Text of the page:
Getting the right message to the right person at the right time is the holy grail of engagement marketing, and something that automation technology promises. It has been utilised by sectors such as retail that want to reach, for example, potential customers who abandon their shopping baskets with follow-up digital ads and emails.
In Europe, almost eight out of 10 consumers abandoned their online shopping cart at least once within a six month period, according to 2016 research by B2C Europe. Online retailers seeking to reduce abandonment rates in order to drive greater returns from e-commerce will often retarget customers online through banner ads and/or emails.
Yet with up to 22% of consumers deploying ad blocking software in the UK, according to 2017 IAB figures, and with popular email providers such as Gmail and Hotmail filtering out promotional content the impact of such activity has dampened.
The power of print – planned like digital
Integrating online and offline has been much discussed. Automation, or as the postal industry calls it, programmatic mailing, proves the added value. Programmatic refers to specific online actions that trigger sending a physical mailing. Such a trigger could be an abandoned cart online, no reaction on a e-newsletter or a visit to a special page on the website. The mail piece sent as a reaction to this trigger is personalised and includes products or offers. With automation software and digital printing all of this is possible.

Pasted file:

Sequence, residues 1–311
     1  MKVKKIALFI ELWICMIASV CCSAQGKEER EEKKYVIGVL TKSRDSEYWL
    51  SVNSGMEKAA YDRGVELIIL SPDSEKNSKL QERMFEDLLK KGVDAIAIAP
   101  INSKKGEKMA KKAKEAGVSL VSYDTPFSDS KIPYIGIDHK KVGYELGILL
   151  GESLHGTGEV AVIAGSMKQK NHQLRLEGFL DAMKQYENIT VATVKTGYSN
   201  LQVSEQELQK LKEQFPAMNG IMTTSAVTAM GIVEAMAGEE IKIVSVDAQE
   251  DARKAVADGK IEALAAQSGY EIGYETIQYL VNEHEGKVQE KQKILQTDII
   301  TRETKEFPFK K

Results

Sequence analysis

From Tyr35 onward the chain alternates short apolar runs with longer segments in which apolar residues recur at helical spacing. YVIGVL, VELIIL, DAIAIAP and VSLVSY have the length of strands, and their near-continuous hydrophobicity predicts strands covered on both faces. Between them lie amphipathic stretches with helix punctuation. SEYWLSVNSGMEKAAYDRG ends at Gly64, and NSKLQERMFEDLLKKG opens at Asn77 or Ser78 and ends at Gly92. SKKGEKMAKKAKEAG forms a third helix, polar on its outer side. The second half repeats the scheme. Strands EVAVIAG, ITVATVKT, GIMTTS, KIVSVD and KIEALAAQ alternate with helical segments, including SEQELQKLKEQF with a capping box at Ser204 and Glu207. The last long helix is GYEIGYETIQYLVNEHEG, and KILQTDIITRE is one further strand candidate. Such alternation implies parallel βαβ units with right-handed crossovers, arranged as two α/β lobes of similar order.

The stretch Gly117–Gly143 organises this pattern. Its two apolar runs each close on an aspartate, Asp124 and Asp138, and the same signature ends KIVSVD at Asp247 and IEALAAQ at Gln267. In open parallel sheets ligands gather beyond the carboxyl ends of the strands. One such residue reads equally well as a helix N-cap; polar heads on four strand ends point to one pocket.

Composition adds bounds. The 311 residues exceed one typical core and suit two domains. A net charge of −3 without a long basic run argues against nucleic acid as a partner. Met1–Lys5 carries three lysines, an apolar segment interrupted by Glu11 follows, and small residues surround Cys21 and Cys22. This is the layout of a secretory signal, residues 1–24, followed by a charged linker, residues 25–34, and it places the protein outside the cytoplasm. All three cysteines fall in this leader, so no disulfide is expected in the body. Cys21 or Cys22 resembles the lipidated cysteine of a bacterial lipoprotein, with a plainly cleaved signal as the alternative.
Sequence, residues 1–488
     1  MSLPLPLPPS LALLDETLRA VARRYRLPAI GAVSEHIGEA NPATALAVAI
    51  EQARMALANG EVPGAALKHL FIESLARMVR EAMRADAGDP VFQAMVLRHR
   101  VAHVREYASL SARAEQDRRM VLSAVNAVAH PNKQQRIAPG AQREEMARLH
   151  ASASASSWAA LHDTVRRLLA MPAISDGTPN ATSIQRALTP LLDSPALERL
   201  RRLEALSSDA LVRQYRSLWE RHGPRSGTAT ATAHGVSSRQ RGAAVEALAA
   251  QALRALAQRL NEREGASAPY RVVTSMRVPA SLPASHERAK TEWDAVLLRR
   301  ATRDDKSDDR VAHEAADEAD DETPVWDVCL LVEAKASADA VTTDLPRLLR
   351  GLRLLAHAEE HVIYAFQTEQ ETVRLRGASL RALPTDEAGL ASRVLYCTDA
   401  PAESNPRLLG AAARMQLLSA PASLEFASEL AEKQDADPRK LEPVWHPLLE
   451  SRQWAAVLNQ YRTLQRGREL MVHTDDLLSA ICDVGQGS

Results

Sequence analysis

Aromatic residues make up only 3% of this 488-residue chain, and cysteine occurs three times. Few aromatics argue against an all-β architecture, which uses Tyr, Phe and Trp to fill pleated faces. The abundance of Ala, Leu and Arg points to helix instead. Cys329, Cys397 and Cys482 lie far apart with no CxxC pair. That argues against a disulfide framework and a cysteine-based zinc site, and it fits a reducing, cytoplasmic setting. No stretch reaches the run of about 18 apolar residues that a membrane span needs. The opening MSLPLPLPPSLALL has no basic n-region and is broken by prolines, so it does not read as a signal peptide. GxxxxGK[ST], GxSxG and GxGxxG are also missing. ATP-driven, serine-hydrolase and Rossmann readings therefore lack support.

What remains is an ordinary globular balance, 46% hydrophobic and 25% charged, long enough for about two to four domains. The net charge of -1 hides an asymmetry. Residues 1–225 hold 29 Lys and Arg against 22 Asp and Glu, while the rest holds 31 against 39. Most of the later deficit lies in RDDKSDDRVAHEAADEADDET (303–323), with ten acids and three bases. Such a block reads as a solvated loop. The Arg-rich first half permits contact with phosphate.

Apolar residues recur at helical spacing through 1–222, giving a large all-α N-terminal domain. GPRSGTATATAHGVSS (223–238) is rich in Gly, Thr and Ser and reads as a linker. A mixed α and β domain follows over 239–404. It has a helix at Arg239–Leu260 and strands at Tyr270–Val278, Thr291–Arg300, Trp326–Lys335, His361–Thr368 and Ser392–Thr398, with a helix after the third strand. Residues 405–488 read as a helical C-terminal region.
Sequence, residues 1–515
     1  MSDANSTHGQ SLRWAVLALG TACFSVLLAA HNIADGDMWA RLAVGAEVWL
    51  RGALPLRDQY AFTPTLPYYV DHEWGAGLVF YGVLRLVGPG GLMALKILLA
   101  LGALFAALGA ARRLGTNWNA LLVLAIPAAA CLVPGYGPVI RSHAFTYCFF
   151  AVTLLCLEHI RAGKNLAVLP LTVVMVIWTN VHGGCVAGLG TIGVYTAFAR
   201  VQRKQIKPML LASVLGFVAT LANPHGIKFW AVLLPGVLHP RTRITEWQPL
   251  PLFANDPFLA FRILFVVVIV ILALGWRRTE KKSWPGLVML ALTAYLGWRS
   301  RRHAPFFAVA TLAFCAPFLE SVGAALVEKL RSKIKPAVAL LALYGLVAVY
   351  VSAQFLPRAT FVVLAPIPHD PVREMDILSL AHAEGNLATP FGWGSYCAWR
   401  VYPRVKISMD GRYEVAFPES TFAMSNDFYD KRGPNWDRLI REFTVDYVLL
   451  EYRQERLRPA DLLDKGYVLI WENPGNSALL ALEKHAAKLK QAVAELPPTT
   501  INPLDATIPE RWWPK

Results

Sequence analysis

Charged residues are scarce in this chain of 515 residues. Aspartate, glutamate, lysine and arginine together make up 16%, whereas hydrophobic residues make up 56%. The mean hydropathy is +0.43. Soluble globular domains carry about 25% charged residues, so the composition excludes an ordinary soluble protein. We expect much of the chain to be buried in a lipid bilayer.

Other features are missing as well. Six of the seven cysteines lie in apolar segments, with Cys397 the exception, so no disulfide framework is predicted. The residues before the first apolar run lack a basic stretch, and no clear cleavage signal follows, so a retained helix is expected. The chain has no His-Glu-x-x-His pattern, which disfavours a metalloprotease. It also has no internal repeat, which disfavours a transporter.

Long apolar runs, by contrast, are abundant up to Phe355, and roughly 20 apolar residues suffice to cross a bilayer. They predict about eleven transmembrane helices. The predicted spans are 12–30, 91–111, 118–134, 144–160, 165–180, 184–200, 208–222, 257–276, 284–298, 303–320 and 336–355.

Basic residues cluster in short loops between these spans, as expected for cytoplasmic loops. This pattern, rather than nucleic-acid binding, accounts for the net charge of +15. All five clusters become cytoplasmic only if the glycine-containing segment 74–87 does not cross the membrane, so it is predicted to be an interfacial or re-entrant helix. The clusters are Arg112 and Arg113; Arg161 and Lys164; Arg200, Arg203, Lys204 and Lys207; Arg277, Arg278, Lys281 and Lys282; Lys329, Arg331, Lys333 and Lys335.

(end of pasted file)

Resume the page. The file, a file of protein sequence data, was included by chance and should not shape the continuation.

Speaking at the recent Power of Print seminar Seirian Hanner, who heads up the insight team at Britain’s Royal Mail MarketReach, described how mail can be delivered programmatically. She said it could be planned like digital, tracked via Mailmark, personalised and mailed to customers within 24 hours.
Early results are promising. UK retail brand JD Williams, owned by online fashion retailer N Brown Group wanted to consider a new channel in its fight to lower abandoned baskets: direct mail. It wanted to know if physical mail could improve its retargeting response rates and deliver greater cut-through than email or banner ads.
Every piece of direct mail creative that was sent out carried a picture of the item in the customer’s basket at the moment they abandoned. Contact data such as address details, imagery and product details were sent digitally to its printer daily, who then printed, finished and mailed the pieces to the customer within 24 hours.